Run Lola Run is a German movie released in 1998. The movie is essentially a 20-minute sequence in the life of the protagonist ‘Lola’. Lola receives a call from his boyfriend Manni who accidentally lost 100,000 Deutschmarks. She has to get him this money within 20 minutes to deliver it to his uncompromising boss and if she fails, Manni will have no option but to rob a supermarket. This 20-minute sequence is repeated thrice over with different style & approach of the characters involved, mainly Lola.
Chapter 1: Background
Place of the film
The film is entirely shot in and around Berlin, Germany. Unlike normal movies which are shot in expensively built studio sets, this movie is majorly shot on the streets with some other set-ups including Lola’s home, her father’s bank, supermarket that Manni tries to rob, subway where Manni loses the money, a casino where Lola tries to gamble, etc. All these locations are perfectly decorated in a very much realistic way.
Purpose of the film
The film is just a piece of artistic experiment. It seems that the Writer-Director Tom Tykwer wants to try out an altogether different technique of story-telling with ‘Time’ as the chosen dimension for experimentation.
The movie uses a repetitive structure that shows the course of the twenty minutes three times over. One would initially think that such a narrative structure can become monotonous but the Director smartly averts that and in fact uses it as a tool to enhance the cinematic appeal of the movie. Successful experimentation.
Chapter 2: Cinematic techniques used to achieve the director’s purpose
Most of the movie is shot in the exteriors in open space. The roads of Berlin are generally very crowded. But the director here has shown calmer exteriors probably as the director’s choice of cinematic liberty in order to focus more on the hurry of its central characters.
A course of twenty minutes showed thrice over signifies that this movie is an experimentation with the dimension of time. With a run-time length of 81 minutes, the movie is really fast-paced in order to showcase the unsaid central theme of ‘Hurry Up!’Light
The use of high key lighting in the exterior scenes increase the authenticity of the realistic sets. Low key lighting is used only in two scenes which make them stand apart in the movie questioning the believability of these scenes. One is when Lola dies after the first run & second is Manni’s after-death scene post the second run.
A few other scenes with Lola & Manni together in the bed, which is essentially a visit in the past, use red filter with dim light settings. This red filter symbolizes the romance between them & the simultaneous death of one of the characters.
Chapter 3: Special effects
The use of colors throughout the movie is an important part of the film. The bright red colored hair of Lola depictsher aggressive character & also her love for her boyfriend. It goes so well for a character that has to be so bold that she can even risk death for her love. Manni’s hair is yellow-dyed and even the other settings around him represent a strong yellow, like the phonebooth from which he calls Lola repeatedly and also the yellow outlines in the buildings around the place where he is standing waiting for Lola. Yellow here depicts the anxiety as well as the seriousness of the character. Yellow also acts as the sign of caution.
AnimationAmong the array of different visual techniques used by the director, animation stands out as a technique just to add to the imaginative imagery & inventiveness aspects of the film. It strikes as a diversion from the seriousness and gives a video game like feel to the events happening in the movie.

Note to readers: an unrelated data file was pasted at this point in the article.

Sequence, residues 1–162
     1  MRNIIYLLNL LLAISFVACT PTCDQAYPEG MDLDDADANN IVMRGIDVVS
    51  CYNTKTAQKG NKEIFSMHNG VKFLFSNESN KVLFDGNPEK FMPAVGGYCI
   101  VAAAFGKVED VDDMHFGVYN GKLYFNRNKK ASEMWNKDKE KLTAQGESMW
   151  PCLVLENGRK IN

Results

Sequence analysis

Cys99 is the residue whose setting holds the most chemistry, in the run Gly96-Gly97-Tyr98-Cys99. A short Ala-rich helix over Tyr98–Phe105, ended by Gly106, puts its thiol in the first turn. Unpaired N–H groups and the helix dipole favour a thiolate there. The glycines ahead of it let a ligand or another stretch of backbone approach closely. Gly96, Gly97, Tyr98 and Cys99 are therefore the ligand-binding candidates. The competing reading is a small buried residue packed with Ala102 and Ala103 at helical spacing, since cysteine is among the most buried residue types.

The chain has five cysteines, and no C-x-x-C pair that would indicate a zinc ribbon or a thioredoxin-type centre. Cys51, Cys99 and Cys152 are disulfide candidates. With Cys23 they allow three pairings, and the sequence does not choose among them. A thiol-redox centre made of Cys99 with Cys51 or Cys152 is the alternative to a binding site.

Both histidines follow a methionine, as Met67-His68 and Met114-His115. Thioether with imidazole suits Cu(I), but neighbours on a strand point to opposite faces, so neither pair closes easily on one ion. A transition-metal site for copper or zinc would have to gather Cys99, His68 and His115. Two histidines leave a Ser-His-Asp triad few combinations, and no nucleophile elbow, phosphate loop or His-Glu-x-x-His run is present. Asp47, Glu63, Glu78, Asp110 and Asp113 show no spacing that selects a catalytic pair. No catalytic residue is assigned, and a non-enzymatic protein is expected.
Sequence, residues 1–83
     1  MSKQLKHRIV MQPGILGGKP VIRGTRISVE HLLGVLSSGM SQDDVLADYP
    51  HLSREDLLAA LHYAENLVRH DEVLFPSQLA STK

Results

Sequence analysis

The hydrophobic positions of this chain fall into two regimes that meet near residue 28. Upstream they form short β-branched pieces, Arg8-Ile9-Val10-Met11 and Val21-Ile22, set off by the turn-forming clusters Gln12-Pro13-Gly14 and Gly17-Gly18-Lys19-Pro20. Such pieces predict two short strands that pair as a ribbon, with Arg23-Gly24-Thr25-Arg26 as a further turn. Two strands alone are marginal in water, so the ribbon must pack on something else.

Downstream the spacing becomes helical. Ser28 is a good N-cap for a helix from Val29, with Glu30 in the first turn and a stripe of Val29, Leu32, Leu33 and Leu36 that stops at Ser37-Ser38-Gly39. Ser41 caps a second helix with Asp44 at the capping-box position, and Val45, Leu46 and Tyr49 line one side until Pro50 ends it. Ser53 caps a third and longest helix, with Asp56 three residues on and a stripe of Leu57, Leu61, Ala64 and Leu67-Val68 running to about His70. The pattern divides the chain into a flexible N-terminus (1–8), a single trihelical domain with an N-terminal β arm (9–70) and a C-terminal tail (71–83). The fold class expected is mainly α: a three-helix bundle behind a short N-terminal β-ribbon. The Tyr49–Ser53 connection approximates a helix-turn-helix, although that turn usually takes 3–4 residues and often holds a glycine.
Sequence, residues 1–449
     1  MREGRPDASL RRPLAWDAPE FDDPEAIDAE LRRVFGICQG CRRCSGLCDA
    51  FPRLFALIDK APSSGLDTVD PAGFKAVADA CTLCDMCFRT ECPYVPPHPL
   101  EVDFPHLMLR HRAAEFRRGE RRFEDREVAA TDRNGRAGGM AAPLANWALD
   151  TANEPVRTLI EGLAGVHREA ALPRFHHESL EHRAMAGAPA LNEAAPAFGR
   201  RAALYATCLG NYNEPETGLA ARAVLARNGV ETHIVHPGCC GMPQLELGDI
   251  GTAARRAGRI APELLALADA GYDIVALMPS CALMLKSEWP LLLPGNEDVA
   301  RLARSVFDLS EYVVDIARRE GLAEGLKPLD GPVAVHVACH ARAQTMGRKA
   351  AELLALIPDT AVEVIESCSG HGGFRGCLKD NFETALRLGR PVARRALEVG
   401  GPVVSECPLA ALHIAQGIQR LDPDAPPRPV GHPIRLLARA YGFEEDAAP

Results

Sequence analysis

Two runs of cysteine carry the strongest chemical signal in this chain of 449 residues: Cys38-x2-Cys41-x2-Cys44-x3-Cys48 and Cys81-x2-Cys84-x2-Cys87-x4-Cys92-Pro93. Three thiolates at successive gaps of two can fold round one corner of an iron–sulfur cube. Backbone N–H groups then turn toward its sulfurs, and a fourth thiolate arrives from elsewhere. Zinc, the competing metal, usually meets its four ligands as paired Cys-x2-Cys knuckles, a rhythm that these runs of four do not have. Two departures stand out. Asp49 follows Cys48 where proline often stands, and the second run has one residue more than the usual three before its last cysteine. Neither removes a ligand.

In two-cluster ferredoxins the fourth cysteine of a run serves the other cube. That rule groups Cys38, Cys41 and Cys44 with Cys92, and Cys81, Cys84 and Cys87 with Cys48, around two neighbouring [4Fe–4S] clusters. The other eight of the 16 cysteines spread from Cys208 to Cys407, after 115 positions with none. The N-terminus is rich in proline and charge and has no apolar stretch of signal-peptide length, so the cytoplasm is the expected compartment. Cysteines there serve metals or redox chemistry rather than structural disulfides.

Chapter 4: Sequence or aspects for study
Mise en scène
What strikes out as a peculiar aspect of Mise en scène is the color composition. The colors used for both the main characters depict strong character traits. There is not much scope to play around with costumes as the movie is spanned over just 20 minutes of a day. So the director plays more with the color and some other props like the yellow telephone booth, red telephone, roulette wheel, money bag, clocks, tattoos, etc.The clocks that constantly pop up on the screens remind us of the dwindling of the time & increase our concern for the characters.
Cinematography & the use of sound to increase the intensity of the movie are some other aspects to be studied. The close-ups showcase the emotions of the characters & the shorter shot durations depict the rush that the characters are into.
The use of sound is also outright smart and you can hear typical sounds repeating again & again throughout the course of the movie which establishes the time loop the movie follows. Some sound effects like the scream of Lola are exaggerated but symbolize her panic. If one wishes to study how soundtrack, lyrics & music can be a perfect blend with the overall theme, this movie comes with a perfect recipe to start with.
Chapter 5: Editing
The movie uses rapid editing/fast cutting as a tool to establish the intensity & pace. Close frames in the dialog scenes help the audience in connecting the dots of the storyline. The camera & editing do not stringently follow the traditional rules but are used in a free ranging way in accordance with the experimental genre of the movie. Transition techniques like fade-in, fade-out & wipe are used at several instances. Cross-cutting and split screens are used to establish the simultaneity of events and is really effective at some places especially in the screen that shows three frames (Lola, Manni & the clock ticking).
Chapter 6: Verdict
Overall, this is a great movie that can be studied for its profound techniques and experimental nature that has left a mark in the history of cinema.
Check out the trailer of the movie to understand the importance & impact of the color scheme (Yellow & Red), clock as a prop, light effects, etc. You’d relate in a better way almost everything you just read: